Audio 7 - 12 are natural sound
Audio 13 and lower are music
This is how we organize all our edits and it's a nice logical flow. If this same situation occurred in FCPX, the audio could be anywhere in the timeline just depending on where the application put it. So first I would have to decipher the timeline and then I could start to make the changes.
See, we don't just want to assign audio and video tracks when we're DONE with a project, we need to organize as we are WORKING in the project. And any particular piece of audio might be used both as natural sound and as a sound bite. The different uses would be designated by where they are positioned in the audio tracks.
Now we're just a small facility. Imagine a facility like Turner Studios or CNN here in Atlanta where you have hundreds of editors working on projects. Imagine 100 different timelines looking completely different from one another. That would drive an editor absolutely crazy every time they opened a new timeline. You MUST have a logical layout of your audio and video or nobody will be able to know what is what.
Biscardi Creative Media Edit Suite - for more information, read Walter's article, "Anatomy of an Edit Suite." Click on image for larger view.
Apple has created a mess on their hands with the trackless editing and now they are trying to figure out how to make that system work in a more traditional Post environment. It's nice that they are trying to get the collaborative workflow going by adding XML Import / Export and this Media Stems / Roles thing, but they are still missing the basic point of collaborative sharing. A professional editor needs control over the timeline AS THEY EDIT and not just at the end to share something with someone else.
Ok, let's backtrack: they sort of kind of have added XML import / export to Final Cut Pro 10. It's not the established XML that has been used for the past few years by multiple applications including Final Cut Pro 7 and Adobe Premiere Pro. It's a "new" flavor of XML called FCPXML. So developers will have to work to create tools on another protocol. Also it's important to note that Apple has simply released the XML protocols to the developers so THEY can develop the import / export tools for Final Cut Pro 10. These will be third party solutions, not from Apple. It's beside me why these tools to get into and out of Final Cut Pro are being handled by third parties. Sure, if you're moving between editing platforms like FCP and Avid I would expect a third party like the incredible Automatic Duck products to be in play, but just to export an XML from the Final Cut Pro 10 timeline? I would expect that to be from within the NLE.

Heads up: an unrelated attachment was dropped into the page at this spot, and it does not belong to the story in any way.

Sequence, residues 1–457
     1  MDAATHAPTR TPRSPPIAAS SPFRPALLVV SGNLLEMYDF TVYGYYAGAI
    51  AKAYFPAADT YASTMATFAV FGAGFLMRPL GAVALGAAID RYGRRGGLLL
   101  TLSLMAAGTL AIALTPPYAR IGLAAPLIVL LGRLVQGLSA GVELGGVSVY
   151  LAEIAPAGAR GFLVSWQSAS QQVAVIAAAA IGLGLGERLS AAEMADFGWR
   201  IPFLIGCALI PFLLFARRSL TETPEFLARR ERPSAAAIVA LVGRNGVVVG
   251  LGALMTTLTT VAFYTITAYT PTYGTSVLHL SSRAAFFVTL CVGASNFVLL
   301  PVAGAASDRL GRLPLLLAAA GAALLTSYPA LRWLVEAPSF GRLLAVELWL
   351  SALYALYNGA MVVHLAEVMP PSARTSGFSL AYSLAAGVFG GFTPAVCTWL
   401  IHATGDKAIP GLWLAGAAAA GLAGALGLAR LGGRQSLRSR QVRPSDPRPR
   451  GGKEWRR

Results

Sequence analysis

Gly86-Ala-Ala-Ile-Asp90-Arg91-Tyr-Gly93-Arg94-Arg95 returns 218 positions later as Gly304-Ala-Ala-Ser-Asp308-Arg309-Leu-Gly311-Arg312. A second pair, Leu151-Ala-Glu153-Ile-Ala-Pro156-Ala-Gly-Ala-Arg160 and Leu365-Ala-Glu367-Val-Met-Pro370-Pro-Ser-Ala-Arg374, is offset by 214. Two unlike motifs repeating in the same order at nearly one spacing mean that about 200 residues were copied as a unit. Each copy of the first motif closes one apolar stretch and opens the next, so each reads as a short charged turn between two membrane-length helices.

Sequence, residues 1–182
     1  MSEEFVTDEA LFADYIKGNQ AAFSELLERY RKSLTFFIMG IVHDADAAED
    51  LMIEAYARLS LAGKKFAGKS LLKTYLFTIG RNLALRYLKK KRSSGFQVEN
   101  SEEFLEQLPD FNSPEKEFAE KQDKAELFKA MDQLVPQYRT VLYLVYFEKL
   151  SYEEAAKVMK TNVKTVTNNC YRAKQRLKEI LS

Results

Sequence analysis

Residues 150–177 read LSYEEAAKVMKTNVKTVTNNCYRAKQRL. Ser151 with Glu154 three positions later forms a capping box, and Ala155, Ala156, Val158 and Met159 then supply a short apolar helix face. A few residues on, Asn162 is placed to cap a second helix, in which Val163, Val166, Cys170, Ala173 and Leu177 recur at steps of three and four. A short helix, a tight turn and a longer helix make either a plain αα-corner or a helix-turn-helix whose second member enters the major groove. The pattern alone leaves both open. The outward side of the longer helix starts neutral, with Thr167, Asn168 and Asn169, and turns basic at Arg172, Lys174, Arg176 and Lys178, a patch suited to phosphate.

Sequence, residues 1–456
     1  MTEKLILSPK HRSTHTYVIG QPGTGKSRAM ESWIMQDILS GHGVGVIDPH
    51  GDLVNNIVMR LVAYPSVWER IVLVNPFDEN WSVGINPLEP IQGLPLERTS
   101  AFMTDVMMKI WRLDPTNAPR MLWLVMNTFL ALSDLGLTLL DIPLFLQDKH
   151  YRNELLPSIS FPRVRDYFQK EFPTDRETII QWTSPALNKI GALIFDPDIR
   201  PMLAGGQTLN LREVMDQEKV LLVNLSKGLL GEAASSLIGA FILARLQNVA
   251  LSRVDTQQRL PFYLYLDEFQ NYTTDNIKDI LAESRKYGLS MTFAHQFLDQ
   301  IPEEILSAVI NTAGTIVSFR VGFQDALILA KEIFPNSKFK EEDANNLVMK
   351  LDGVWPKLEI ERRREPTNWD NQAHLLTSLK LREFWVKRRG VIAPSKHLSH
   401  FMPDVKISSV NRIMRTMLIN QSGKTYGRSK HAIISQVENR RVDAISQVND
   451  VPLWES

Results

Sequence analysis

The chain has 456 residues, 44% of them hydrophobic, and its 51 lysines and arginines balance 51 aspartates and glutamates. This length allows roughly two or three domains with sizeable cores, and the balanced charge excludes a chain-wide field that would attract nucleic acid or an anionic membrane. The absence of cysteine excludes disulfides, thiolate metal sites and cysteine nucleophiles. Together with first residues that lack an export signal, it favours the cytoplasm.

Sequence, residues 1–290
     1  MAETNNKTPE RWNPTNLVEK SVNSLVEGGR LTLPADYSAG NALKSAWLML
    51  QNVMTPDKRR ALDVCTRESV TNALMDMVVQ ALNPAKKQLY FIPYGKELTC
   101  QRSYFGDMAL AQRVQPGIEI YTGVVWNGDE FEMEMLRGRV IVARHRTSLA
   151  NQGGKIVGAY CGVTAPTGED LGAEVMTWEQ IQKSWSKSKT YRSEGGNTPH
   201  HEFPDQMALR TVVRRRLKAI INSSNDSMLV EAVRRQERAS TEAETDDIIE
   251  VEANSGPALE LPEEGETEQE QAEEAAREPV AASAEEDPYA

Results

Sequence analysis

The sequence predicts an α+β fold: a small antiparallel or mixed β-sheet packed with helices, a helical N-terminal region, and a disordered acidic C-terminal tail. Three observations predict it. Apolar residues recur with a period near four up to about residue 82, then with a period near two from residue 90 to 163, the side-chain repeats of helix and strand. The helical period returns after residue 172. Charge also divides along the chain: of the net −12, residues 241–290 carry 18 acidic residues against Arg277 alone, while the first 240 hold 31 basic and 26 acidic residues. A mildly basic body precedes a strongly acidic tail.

More from the 10.0.1 Update Page:
"Coming in early 2012 Multicam Editing, Broadcast-Quality Video Monitoring"
Coming one year AFTER the release of the video editing product designed by professionals for professionals Apple is going to add Broadcast Quality Video Monitoring. This is not something you add to a professional video editing product. This is a very basic function that is included in the original release.
I really get the sense that Apple really doesn't know what they want Final Cut Pro X to be.
Is it a consumer product that we're going to try to backtrack and add professional features to in order to quell all the backlash and defections or is it a professional product that also needs to be super easy for a consumer to use? Editing is not rocket science, people -- certainly not from a technical and organizational perspective, but Apple seems to keep insinuating that it is. Organization is just a part of basic editing, it's what we do, there was no need to throw that organization out the window just because they can. There was no industry demand for a trackless, metadata driven workflow, there WAS a demand for Final Cut Pro to support the new digital formats natively.
Apple is now in a position to create convoluted workarounds to the very workflow THEY created.
There is a bright side to all of this.